Sociology 381: Sociology of Sport (3)

Scientific study of sports to better understand how they are practiced and what those practices mean. Using various theoretical approaches, the focus will be on topics as they relate to sports such as: identity, ideology, children, gender, race and ethnicity, the media, economics, politics, globalization, drugs and violence. Prerequisite: SOCI 201 or permission of department.

Sociology 382: Families Public and Private (3)

Consideration of the families in private settings and as a focus of public policy; impacts of social inequalities (class, race, and ethnicity) on family life; changing patterns of family relationships; work and family life; conflict and disruption in family relationships including divorce, remarriage, and step/blended families. Prerequisite: SOCI 201 or permission of department.

Sociology 407: Urban Sociology (3)

Historical and current urban growth patterns, theoretical perspectives regarding urban structure and change, distribution of power and other resources in urban settings, urban cultural and social forms, problems of urban areas, strategies of urban planning. Examines how gender, racial/ethnic, class, and other group relations affect urban processes and life. Prerequisite: SOCI 202 or permission of department.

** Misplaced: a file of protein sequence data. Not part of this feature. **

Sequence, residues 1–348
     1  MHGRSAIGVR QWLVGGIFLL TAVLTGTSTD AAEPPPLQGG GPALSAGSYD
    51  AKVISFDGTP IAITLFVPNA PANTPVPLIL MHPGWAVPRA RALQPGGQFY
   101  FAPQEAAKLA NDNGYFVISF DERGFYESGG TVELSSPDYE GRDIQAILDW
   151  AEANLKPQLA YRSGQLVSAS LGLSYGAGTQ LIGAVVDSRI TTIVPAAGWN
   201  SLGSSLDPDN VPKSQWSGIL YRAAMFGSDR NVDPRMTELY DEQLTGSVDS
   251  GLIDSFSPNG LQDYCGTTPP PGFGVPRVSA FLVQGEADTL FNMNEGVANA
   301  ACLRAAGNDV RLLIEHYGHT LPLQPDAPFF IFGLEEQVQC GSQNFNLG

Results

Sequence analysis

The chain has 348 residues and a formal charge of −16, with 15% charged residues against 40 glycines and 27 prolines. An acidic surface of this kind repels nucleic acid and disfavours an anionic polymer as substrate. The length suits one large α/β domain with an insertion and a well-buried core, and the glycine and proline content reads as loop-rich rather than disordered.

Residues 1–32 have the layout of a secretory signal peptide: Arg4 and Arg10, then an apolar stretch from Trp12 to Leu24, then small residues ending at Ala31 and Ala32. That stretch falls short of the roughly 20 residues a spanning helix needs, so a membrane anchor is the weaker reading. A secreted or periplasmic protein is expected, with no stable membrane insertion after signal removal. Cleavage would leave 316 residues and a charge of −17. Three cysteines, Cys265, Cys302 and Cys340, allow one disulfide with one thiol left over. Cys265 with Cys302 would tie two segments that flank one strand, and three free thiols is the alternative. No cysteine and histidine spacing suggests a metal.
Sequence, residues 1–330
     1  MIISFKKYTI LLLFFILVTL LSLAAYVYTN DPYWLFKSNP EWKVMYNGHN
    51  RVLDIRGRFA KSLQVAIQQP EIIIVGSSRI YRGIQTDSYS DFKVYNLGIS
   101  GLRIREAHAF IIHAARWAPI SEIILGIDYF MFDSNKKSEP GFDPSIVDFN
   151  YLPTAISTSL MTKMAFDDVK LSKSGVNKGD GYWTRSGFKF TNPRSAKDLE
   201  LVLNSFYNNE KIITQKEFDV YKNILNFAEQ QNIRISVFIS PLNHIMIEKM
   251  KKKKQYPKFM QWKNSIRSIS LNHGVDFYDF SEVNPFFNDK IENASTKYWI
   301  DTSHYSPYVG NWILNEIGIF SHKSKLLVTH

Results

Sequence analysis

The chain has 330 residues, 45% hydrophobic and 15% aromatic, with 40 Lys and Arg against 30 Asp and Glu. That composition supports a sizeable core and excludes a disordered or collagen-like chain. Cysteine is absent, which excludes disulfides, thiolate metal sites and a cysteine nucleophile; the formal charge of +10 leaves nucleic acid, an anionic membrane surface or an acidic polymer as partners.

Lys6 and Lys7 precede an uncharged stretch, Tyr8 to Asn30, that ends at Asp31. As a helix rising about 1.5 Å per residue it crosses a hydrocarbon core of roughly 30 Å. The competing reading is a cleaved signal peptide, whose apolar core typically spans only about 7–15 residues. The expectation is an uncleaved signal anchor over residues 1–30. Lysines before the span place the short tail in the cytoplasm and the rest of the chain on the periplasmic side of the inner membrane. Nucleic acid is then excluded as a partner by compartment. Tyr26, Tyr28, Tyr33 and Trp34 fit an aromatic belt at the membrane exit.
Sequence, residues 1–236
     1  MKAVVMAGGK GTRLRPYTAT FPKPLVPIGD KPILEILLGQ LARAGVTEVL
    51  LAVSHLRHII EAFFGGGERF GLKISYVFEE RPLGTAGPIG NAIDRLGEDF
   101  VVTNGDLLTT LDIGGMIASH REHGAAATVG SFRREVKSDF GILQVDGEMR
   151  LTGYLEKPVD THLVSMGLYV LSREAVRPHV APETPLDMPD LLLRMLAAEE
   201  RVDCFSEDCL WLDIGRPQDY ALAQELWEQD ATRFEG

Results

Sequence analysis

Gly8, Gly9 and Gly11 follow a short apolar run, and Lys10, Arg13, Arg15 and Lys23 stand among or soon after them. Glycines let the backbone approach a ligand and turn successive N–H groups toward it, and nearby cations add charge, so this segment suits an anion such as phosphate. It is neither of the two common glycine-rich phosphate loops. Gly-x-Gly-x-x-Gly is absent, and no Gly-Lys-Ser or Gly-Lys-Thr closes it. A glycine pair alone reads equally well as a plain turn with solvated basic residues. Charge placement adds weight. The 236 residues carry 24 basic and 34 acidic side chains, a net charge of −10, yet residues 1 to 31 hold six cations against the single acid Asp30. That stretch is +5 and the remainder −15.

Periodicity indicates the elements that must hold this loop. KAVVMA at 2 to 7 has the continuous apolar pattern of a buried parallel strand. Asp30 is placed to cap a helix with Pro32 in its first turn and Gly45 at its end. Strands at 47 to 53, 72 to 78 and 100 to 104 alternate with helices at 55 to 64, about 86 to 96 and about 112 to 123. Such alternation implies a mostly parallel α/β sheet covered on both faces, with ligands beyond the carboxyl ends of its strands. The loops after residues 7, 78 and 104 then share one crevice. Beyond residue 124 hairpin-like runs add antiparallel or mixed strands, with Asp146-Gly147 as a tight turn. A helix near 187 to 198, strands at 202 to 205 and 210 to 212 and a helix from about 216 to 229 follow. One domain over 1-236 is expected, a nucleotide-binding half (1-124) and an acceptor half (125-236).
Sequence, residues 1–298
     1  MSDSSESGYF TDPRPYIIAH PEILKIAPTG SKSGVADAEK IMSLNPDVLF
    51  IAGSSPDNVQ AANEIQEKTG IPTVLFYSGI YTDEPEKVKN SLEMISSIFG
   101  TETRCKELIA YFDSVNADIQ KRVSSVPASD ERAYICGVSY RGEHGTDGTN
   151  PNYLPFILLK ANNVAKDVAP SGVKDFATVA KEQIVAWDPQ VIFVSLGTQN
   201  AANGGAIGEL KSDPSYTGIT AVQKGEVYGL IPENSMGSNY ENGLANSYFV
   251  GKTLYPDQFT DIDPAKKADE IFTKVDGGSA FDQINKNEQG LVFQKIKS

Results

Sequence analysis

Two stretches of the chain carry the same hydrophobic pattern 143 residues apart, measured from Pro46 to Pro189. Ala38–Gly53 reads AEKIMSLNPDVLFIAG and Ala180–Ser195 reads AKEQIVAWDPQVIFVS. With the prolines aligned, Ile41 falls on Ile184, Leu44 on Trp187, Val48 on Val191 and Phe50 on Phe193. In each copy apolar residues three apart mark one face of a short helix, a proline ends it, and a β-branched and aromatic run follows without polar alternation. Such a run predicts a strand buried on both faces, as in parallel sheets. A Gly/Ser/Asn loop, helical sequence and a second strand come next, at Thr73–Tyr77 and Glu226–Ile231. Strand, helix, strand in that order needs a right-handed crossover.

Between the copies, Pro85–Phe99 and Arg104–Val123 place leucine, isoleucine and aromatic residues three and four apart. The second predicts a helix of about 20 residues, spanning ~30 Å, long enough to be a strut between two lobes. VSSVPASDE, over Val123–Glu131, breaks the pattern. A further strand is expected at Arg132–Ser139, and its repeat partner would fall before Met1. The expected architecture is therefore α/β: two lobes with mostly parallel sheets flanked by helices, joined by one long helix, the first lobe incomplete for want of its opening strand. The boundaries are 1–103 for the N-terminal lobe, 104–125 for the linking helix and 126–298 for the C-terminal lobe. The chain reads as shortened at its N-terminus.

Sociology 419: Population and Society (3)

Scientific study of population size, composition, and distribution; analysis of trends and differentials in birth rates, death rates, and migration by race/ethnicity, gender, class, age, and nationality; consideration of actual and potential pressures of population on natural resources; the interrelationship of population and the social structure as it varies by race/ethnicity, class, gender, age, and nationality. Prerequisite: SOCI 202.

English 421: Gender and Public Rhetoric (3)

Study of non-fiction text through the lens of gender and rhetorical theory.  Students will compose critical essays, prepare presentations, and conduct research for a final project focusing on gender and language. Prerequisite: ENG 200 or permission of department.

Empowered by Extend, a church software solution from